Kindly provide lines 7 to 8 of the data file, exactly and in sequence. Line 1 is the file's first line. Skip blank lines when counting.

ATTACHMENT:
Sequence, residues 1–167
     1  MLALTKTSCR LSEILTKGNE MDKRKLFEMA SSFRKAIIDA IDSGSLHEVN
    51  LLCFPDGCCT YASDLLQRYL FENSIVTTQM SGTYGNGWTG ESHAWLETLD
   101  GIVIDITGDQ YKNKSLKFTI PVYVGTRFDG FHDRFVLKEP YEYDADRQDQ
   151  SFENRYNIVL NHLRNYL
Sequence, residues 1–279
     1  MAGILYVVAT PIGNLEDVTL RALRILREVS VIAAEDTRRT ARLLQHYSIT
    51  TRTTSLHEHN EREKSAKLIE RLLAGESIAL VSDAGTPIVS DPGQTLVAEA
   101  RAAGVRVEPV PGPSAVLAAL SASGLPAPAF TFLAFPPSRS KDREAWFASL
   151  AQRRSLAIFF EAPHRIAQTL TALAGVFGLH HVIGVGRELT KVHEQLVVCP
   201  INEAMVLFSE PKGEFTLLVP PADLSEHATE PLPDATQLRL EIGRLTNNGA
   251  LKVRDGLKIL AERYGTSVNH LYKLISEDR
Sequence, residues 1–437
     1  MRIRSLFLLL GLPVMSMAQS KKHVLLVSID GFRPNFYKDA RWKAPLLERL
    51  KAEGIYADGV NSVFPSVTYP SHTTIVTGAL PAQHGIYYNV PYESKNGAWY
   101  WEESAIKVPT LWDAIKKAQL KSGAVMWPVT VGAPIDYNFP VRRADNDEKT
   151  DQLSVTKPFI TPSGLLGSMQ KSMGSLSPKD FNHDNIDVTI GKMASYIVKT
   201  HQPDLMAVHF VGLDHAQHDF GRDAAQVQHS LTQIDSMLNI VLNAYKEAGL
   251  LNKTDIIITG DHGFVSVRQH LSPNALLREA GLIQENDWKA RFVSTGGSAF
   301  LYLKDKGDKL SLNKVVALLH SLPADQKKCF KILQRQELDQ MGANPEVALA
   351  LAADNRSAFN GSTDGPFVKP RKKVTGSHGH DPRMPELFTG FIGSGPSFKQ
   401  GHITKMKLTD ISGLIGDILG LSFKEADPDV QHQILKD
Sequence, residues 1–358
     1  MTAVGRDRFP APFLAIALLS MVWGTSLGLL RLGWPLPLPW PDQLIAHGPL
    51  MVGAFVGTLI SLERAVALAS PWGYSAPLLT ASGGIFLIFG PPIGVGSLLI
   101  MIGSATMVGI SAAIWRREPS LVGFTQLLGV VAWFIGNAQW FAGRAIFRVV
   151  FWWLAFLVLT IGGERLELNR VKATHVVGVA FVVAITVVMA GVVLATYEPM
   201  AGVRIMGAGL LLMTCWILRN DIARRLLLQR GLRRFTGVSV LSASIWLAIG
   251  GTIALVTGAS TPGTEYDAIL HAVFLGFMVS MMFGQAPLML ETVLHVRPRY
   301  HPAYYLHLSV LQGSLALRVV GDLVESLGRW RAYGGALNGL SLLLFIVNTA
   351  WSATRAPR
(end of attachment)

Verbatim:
     1  MAGILYVVAT PIGNLEDVTL RALRILREVS VIAAEDTRRT ARLLQHYSIT
    51  TRTTSLHEHN EREKSAKLIE RLLAGESIAL VSDAGTPIVS DPGQTLVAEA